Whether it was by the fans of rock music or the band members making the feminist waves themselves, women’s voices were finally being heard in the form of screams and wails of Riot Grrrl music. Not everyone was a fan, however. Riot Grrrl music began receiving several negative reviews from rock critics, some saying the music and theatrics were naïve. Some of the popular theatrics included dressing childishly or writing words like “slut” across their bare abdomens. Dressing like a girl was intentional; wishing again for that time in a woman’s life of innocence before reaching an age of brute realization of the violence and prejudice against them solely because of their born genders.
“I think it was deliberate that we were made to look like we were just ridiculous girls parading around in our underwear. They refused to do serious interviews with us, they misprinted what we had to say, they would take our articles, and our fanzines, and our essays and take them out of context. We wrote a lot about sexual abuse and sexual assault for teenagers and young women. I think those are really important concepts that the media never addressed.” – Corin Tucker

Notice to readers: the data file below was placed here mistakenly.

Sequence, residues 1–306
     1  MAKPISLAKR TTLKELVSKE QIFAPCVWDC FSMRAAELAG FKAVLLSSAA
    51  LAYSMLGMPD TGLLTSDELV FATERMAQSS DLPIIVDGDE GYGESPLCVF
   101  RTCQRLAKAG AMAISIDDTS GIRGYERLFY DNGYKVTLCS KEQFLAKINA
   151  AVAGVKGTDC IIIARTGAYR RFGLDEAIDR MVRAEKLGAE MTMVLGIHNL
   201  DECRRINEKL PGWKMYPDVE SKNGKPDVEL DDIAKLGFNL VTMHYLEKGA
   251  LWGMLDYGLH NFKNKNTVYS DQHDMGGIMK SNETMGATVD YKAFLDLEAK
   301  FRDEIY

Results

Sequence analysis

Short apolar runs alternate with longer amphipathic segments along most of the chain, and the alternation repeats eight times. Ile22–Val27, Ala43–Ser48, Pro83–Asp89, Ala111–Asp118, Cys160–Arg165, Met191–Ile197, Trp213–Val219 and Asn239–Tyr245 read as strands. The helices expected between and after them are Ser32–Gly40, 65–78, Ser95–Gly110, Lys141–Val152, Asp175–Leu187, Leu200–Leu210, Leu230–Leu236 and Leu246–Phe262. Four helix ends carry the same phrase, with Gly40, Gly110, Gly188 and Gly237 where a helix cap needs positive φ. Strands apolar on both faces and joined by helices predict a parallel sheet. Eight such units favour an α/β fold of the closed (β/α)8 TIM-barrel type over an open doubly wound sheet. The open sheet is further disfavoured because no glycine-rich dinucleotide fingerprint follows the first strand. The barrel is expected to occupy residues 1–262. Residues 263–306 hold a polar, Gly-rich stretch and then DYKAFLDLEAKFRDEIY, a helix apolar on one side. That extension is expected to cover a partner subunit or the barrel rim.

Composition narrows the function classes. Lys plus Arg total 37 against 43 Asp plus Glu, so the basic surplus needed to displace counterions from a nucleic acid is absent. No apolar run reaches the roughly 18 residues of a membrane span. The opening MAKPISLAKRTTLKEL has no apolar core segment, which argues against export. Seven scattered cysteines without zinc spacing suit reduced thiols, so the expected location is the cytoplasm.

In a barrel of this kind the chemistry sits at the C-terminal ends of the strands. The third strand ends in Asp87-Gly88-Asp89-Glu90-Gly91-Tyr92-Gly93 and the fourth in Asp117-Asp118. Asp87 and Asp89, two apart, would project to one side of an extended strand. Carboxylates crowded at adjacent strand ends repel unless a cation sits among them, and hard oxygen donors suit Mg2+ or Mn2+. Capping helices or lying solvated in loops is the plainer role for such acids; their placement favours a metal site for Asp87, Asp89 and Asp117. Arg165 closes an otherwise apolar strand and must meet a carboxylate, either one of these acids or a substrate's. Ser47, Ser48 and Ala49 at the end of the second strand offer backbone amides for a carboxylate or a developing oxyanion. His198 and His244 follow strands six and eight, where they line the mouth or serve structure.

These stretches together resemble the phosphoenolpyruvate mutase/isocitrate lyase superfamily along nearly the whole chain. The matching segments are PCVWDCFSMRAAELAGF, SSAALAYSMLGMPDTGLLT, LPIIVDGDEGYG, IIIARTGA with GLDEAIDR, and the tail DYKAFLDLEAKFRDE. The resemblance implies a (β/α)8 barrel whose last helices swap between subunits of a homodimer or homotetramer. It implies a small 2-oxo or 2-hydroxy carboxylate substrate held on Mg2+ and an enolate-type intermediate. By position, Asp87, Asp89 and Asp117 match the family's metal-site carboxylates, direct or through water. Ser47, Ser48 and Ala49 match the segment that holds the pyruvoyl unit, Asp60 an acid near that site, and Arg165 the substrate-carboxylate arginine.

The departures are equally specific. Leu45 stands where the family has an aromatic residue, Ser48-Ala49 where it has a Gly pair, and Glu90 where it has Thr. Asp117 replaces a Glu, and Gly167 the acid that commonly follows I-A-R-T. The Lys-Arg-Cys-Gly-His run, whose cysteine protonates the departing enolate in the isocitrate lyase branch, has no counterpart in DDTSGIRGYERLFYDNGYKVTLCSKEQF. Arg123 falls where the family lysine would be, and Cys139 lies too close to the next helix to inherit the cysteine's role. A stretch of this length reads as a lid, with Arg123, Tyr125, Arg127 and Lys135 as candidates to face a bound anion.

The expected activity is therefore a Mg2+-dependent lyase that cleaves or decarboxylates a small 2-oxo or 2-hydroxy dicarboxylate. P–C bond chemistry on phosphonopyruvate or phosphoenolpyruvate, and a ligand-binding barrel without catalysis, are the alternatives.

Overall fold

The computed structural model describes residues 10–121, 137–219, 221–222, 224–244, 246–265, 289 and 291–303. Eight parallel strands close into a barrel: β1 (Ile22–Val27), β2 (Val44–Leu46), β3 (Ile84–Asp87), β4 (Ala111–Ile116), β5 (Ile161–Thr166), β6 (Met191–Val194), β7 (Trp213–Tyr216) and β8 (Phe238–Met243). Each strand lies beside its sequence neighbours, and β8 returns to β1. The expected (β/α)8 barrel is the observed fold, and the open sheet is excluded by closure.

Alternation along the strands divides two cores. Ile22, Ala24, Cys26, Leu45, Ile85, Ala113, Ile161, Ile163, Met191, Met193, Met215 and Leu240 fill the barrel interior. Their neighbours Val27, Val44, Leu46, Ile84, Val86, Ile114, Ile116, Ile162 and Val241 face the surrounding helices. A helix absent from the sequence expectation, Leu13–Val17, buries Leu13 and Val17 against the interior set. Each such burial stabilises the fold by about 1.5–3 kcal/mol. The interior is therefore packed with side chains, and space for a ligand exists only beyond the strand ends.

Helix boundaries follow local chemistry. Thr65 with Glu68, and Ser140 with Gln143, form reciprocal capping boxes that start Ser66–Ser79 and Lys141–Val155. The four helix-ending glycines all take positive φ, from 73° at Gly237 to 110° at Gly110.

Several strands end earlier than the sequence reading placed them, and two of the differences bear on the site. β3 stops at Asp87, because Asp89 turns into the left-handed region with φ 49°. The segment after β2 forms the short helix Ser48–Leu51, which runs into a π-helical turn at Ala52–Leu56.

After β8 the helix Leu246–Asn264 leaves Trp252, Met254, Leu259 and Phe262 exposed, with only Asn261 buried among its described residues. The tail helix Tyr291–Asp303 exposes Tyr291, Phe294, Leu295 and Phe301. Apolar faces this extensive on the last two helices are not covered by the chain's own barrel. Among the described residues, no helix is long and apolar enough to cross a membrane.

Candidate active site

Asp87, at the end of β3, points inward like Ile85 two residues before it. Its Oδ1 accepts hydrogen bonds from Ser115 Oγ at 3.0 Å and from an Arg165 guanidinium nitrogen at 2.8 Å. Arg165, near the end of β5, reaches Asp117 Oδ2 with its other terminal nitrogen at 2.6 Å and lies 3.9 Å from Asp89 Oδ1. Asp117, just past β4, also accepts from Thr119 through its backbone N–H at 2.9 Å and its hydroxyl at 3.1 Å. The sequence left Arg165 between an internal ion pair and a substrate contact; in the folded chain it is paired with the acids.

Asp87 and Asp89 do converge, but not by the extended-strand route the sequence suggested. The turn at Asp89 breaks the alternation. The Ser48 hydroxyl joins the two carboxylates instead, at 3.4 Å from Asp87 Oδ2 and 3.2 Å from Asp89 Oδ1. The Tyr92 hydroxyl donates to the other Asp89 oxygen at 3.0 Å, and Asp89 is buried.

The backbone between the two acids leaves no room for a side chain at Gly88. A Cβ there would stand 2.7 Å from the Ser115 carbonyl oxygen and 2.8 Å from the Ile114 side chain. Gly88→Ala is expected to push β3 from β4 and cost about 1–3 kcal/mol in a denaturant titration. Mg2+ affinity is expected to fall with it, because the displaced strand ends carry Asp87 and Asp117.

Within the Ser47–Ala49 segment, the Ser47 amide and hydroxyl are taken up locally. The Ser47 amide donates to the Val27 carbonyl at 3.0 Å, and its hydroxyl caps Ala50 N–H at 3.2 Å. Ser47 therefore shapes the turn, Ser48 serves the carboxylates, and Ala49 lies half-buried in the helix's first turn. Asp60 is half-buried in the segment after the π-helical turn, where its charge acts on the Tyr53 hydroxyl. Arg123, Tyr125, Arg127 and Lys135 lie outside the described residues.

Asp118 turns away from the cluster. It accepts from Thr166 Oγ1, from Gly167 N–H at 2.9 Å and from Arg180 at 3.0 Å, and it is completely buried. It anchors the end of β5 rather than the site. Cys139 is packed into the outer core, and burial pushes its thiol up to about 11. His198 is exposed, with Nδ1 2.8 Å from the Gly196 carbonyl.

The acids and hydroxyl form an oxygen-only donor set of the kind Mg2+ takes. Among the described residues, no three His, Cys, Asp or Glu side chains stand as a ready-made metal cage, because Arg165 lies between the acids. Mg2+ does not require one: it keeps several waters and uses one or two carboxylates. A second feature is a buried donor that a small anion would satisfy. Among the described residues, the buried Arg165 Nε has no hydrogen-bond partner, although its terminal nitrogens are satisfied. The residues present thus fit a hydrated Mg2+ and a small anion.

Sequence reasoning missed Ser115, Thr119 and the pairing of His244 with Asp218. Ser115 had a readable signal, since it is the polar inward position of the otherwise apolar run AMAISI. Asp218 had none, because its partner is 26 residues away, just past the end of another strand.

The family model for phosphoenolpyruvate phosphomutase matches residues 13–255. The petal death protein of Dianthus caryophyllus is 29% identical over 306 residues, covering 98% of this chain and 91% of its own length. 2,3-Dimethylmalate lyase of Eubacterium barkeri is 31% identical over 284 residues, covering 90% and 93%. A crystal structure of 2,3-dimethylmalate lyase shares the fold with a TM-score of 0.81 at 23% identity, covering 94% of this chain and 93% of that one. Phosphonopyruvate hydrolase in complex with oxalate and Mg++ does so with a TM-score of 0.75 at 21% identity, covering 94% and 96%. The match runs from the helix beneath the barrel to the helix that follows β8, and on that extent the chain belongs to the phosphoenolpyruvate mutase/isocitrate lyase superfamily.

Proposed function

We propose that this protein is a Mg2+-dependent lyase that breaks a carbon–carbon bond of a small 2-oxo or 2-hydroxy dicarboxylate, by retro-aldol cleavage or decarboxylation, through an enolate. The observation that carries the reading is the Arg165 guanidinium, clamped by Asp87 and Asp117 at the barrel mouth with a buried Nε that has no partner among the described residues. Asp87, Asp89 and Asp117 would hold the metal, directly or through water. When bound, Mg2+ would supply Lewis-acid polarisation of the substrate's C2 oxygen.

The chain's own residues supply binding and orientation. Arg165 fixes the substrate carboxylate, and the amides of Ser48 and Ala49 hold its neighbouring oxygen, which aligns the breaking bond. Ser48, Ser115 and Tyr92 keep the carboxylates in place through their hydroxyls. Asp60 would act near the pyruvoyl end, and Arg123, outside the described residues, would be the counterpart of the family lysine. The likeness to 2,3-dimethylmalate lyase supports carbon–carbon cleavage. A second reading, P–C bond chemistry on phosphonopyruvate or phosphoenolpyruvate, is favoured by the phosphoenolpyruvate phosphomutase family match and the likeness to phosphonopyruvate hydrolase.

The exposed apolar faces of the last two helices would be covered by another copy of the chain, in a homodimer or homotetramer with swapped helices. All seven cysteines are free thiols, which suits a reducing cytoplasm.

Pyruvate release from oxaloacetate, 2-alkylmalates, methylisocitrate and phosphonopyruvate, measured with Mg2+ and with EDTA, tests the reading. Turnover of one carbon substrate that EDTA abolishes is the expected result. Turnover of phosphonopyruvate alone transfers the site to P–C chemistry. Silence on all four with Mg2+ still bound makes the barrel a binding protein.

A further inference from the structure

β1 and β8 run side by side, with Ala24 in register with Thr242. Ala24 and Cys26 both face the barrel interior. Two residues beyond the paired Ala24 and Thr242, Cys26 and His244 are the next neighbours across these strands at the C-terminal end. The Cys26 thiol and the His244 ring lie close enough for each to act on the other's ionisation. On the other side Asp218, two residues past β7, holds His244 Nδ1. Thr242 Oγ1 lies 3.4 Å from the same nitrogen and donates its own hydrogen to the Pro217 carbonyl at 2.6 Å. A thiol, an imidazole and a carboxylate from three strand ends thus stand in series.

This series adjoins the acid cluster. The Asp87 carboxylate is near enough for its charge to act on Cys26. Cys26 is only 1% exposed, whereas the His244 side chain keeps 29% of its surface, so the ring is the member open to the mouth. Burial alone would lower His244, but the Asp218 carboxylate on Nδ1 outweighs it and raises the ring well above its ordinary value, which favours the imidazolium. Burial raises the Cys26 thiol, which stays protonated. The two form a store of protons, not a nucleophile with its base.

Writing shock terms onto their stomachs was another attempt at breaking gender norms and stereotypes. “Why a man isn’t called a slut?” Critics also seemed annoyed at Riot Grrrls, not taking their music seriously. In a review of Bikini Kill’s debut EP, Rolling Stone writer Chuck Eddy felt the need to bring up Kathleen Hanna’s former occupation, an underlying suggestion that her work should not be taken seriously as a feminist for once being a stripper:
Rolling Stone 1993 review by Chuck Eddy of Bikini Kill’s EP: http://www.rollingstone.com/music/albumreviews/bikini-kill-19930204.